Poplar Island in Chesapeake Bay is a national model for habitat restoration and the beneficial use of dredged material. Poplar Island is being returned to its former size and important ecological function while helping to ensure the economic vitality of the region.
The Corps of Engineers wanted a structure free from corrosion from the brackish waters of the Chesapeake Bay Estuary.
In 1846, Poplar Island boasted more than 1,000 acres. During the early 1900’s the island supported a thriving community of about 100 inhabitants, several farms, a school, a church, a post office and a sawmill. By the 1920’s, residents began leaving the island as more and more of its landmass fell victim to erosion. By the early 1990’s, all that remained were several small clusters of islets rising just above the surface of the water. Reduced to about four acres, Poplar Island’s disappearance seemed imminent.
Working in partnership with the Maryland Department of Transportation, Maryland Port Administration and other Federal and State agencies, the Corps of Engineers are currently restoring Poplar Island by using dredged material from the Baltimore Harbor and Channels Federal navigation projects. Approximately 68 million cubic yards of dredged material will be placed to develop 776 acres of wetlands, 829 acres of uplands and 110 acres of open water embayment.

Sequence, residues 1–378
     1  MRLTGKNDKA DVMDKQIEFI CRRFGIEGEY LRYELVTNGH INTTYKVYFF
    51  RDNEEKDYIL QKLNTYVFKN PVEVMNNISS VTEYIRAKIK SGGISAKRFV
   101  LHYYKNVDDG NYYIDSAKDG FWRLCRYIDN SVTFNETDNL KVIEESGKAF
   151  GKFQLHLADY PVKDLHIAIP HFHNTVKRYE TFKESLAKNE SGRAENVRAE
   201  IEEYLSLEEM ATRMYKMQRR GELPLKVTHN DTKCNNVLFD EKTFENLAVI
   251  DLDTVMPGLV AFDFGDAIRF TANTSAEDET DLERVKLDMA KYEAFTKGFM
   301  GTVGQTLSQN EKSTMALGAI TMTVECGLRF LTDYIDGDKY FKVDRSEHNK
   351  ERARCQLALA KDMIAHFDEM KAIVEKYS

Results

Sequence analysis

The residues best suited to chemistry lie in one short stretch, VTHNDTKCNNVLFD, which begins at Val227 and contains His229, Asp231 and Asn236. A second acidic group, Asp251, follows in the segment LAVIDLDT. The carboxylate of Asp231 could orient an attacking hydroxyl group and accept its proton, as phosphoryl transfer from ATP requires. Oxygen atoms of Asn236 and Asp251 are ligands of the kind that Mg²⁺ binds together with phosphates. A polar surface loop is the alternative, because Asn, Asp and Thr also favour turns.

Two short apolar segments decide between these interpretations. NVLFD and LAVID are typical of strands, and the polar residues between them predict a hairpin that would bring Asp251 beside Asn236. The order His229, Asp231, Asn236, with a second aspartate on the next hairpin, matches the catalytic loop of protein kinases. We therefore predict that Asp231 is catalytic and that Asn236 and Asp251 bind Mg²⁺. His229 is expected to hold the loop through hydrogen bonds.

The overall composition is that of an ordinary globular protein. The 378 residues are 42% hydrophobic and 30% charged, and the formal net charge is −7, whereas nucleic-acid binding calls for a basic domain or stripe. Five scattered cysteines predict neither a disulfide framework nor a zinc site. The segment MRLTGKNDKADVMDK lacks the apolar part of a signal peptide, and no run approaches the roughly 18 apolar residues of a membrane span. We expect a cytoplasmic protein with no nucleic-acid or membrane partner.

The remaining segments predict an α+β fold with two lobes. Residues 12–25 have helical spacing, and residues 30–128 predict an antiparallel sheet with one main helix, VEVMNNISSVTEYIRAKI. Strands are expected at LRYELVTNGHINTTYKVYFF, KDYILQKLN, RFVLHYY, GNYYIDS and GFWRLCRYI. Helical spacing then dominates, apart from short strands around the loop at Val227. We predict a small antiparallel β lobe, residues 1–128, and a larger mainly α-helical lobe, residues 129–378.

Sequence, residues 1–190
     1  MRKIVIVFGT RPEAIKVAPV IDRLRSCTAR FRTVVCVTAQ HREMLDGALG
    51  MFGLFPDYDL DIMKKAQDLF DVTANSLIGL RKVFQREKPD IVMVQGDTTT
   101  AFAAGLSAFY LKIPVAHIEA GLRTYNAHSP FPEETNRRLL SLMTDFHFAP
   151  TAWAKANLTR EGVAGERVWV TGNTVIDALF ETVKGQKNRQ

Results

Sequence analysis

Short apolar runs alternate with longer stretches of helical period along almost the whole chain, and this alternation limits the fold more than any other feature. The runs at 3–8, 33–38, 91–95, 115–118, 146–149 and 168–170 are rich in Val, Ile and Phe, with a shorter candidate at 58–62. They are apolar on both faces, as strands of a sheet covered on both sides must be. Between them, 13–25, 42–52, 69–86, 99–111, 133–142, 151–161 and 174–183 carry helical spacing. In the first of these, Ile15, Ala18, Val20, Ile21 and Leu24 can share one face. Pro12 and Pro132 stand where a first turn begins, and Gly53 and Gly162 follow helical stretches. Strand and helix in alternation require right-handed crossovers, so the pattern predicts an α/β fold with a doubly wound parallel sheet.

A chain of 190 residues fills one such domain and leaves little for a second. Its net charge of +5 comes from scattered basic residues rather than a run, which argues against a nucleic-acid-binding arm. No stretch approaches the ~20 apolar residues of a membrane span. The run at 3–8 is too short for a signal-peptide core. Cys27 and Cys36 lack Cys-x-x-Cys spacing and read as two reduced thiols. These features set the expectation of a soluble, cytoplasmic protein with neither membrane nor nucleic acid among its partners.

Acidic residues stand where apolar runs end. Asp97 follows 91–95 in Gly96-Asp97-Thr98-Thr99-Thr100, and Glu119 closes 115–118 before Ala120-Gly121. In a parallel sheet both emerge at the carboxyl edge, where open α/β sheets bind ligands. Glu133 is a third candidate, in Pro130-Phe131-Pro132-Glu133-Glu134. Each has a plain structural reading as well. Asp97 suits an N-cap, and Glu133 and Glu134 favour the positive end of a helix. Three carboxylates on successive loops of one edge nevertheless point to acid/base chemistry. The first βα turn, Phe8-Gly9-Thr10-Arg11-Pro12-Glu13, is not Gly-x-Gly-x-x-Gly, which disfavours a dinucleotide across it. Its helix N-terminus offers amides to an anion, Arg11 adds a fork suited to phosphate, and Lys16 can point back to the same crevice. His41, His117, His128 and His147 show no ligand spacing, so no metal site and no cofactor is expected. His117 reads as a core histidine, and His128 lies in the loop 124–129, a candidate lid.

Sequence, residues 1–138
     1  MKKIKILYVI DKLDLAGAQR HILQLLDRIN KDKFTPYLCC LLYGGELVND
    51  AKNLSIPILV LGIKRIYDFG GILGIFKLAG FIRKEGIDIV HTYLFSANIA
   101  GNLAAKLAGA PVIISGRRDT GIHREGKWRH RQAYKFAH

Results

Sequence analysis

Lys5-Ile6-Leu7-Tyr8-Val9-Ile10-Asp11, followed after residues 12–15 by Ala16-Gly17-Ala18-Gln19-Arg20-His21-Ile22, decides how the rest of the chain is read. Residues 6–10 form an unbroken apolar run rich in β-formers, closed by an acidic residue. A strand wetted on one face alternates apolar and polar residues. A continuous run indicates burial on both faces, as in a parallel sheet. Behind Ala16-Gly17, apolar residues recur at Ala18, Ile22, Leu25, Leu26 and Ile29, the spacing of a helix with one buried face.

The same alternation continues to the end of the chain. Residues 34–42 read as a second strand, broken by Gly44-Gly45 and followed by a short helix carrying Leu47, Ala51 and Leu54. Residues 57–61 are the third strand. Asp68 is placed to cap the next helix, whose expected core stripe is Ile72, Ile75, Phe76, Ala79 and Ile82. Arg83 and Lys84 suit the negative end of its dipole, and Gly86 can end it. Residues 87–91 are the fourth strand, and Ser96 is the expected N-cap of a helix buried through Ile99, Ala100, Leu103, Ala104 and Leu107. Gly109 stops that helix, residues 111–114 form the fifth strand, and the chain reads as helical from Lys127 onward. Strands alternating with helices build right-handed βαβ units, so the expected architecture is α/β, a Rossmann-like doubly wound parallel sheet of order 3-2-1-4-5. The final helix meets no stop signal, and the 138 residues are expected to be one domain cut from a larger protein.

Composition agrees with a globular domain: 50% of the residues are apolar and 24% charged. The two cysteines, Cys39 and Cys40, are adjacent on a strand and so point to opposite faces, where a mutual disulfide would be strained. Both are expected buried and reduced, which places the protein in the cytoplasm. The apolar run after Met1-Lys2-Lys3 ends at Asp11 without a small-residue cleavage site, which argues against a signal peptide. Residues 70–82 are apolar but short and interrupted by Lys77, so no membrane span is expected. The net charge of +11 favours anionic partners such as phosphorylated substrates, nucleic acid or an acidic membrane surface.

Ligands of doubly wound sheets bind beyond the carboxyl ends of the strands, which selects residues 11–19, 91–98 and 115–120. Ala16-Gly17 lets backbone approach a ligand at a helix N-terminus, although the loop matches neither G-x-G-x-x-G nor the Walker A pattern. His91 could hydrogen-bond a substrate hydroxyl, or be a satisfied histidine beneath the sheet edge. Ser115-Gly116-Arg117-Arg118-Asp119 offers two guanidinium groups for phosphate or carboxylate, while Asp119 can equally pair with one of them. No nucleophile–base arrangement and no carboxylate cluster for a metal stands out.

The spillway control structure is designed to regulate water levels as the tidal wetland is established. As dredge material is placed in the cell, water will drain through the spillway, “decanting” the cell to create a tidal wetland inside the cell. The spillway will connect the wetland to the bay to allow full tidal exchange, which is vital to allow marsh plants to become established. The spillway control structure will also stabilize the cell to minimize erosion as the re-establishment process evolves. The Corps of Engineers wanted a structure free from corrosion from the brackish waters of the Chesapeake Bay Estuary. Robust corrosion protection for the control structure is necessary since it may take several years of drainage and grading to achieve the desired topography. After full stabilization has been achieved, the control structure will be replaced with open breaches to the bay.
Water & Marine
Talbot County, MD United States
Coating Durability, Corrosion Performance, Prior HDG Experience, Sustainability
Beams, Diaphragms, Angles, Plates, Frames
U S Army Corps of Engineers
Di Highway Signs and Structures
U S Fish and Wildlife Service
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